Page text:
VIENNA (Reuters) - Syria’s main opposition leader said he had urged military defectors to limit their actions to defending anti-government protesters but feared his influence may not be enough to prevent civil war.
Syrian National Council leader Burhan Ghalioun said he pressed the leader of the Free Syrian Army, an umbrella group of armed rebels, to rein in operations after they launched a series of attacks on troops loyal to President Bashar al-Assad.
“We are worried that we will slide toward a civil war which pits a free army and an official army against each other,” he told Reuters in an interview late Thursday. “We want to avoid a civil war at all costs.”
In the last month army rebels have attacked security forces, destroyed part of an armored convoy, opened fire on an intelligence center on the outskirts of Damascus and killed six pilots at an air force base.
Ghalioun said he had asked the head of the Free Syrian Army, Colonel Riyad al-Asaad, to “limit his actions to the protection of the demonstrators... but never to launch attacks, operations against the Syrian army forces.”
Asaad agreed but insisted that the Free Syrian Army actions were “defensive operations,” Ghalioun said.
“I hope he will keep his word and it is fundamental for the success of our revolution to preserve its peaceful character, that means popular demonstrations,” Ghalioun said. “We do not want to transform into (a) militia that fights against an army.”
The United Nations says at least 4,000 people have been killed in Assad’s crackdown on protests which were inspired by uprisings in Tunisia, Egypt and Libya. Authorities blame the violence on armed groups and say 1,100 soldiers and police have been killed since the demonstrations erupted in March.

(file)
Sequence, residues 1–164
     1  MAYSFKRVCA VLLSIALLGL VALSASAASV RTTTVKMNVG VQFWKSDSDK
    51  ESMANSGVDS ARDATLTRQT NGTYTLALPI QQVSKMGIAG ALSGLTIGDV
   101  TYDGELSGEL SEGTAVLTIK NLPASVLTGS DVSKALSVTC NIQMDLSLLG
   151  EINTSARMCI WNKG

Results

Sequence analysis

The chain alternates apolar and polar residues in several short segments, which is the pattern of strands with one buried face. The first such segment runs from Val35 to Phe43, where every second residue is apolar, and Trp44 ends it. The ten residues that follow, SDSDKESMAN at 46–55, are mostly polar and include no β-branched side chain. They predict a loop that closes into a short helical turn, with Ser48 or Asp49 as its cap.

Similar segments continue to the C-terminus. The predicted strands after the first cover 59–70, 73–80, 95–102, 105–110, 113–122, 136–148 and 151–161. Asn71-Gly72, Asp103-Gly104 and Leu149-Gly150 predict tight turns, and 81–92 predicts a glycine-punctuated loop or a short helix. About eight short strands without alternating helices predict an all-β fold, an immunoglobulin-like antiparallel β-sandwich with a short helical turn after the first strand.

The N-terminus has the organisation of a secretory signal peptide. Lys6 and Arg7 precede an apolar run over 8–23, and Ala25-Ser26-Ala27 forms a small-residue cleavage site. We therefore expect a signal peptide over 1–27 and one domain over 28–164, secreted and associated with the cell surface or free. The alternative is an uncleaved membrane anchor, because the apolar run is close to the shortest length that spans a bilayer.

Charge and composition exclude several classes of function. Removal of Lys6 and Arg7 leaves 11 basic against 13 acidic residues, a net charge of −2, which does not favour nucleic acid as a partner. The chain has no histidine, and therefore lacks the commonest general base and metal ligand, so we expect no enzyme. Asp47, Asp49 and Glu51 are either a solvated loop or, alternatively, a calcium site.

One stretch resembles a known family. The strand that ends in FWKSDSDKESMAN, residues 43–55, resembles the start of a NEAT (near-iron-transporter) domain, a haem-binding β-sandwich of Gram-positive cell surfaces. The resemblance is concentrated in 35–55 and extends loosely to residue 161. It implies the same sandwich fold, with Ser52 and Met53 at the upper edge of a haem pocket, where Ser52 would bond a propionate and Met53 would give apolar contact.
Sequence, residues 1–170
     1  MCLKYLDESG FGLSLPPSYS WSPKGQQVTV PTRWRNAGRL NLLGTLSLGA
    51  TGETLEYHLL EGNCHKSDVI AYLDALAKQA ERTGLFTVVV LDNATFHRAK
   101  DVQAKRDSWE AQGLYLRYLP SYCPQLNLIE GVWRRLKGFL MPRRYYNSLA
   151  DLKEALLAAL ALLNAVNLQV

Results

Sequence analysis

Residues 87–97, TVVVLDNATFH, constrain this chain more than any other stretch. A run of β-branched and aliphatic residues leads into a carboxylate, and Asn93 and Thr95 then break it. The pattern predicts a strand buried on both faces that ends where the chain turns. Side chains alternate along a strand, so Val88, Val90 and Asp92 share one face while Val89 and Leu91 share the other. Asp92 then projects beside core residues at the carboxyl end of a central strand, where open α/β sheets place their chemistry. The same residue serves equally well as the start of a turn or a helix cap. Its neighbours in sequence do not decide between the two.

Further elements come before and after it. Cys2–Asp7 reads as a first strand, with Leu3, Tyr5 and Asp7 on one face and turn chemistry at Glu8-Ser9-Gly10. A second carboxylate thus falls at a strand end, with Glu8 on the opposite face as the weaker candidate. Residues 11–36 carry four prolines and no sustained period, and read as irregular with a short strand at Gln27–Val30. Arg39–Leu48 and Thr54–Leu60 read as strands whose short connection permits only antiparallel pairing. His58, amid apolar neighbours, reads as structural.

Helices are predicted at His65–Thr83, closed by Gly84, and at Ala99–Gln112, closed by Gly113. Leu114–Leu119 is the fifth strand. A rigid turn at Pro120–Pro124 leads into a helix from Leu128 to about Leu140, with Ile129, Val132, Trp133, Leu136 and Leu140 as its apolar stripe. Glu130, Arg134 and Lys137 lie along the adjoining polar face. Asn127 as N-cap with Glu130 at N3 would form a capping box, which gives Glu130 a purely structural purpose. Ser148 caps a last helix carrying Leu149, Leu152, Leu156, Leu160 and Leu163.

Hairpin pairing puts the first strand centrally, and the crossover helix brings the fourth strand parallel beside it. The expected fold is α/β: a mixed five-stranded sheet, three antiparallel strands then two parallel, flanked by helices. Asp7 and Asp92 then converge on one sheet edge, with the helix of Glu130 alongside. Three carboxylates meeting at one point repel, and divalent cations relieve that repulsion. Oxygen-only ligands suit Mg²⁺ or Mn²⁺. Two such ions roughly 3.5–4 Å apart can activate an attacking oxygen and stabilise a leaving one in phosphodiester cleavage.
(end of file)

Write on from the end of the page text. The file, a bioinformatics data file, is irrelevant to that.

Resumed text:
Ghalioun was in Vienna to rally support for his 260-member opposition council formed in Istanbul three months ago. He said foreign intervention may be inevitable if the bloodshed continued, but Assad would bear responsibility if that happened.
“It is up to the current regime to avoid a civil war, meaning an army against an army and military intervention that everyone wants to avoid,” he said.
“I think that it is not up to us to demand (intervention), but it will happen by itself in any case. If the regime ... continues to kill hundreds a day, the world cannot sit back and do nothing.”
Ghalioun addressed around 500 supporters in Vienna on Thursday. Flanked by bodyguards, he emphasized the importance of opposition unity and peaceful demonstrations.
The university professor heads the main opposition National Council but it is unclear what influence he has over protesters inside the country or what role he would play in Syria if Assad were to be toppled.
Asked what he was doing to address the concerns of minority Christians, Alawites and Kurds in a post-Assad Syria, Ghalioun said the population was united and any future government must safeguard equality in the mainly Sunni Muslim state.
“After the tensions which the regime has introduced in the population, there needs to be a strengthening of national sentiment by presenting a plan for a democratic, secular state which respects all of its citizens and which criminalizes all discrimination — ethnic or politic or religious,” he said.
Ghalioun said he believed Assad would be toppled but it was impossible to predict when. “No one can say. I think he has completely lost his legitimacy as president,” he said.
“I hope that he will stand down by himself.”
Reporting by Sylvia Westall, editing by Dominic Evans and Robert Woodward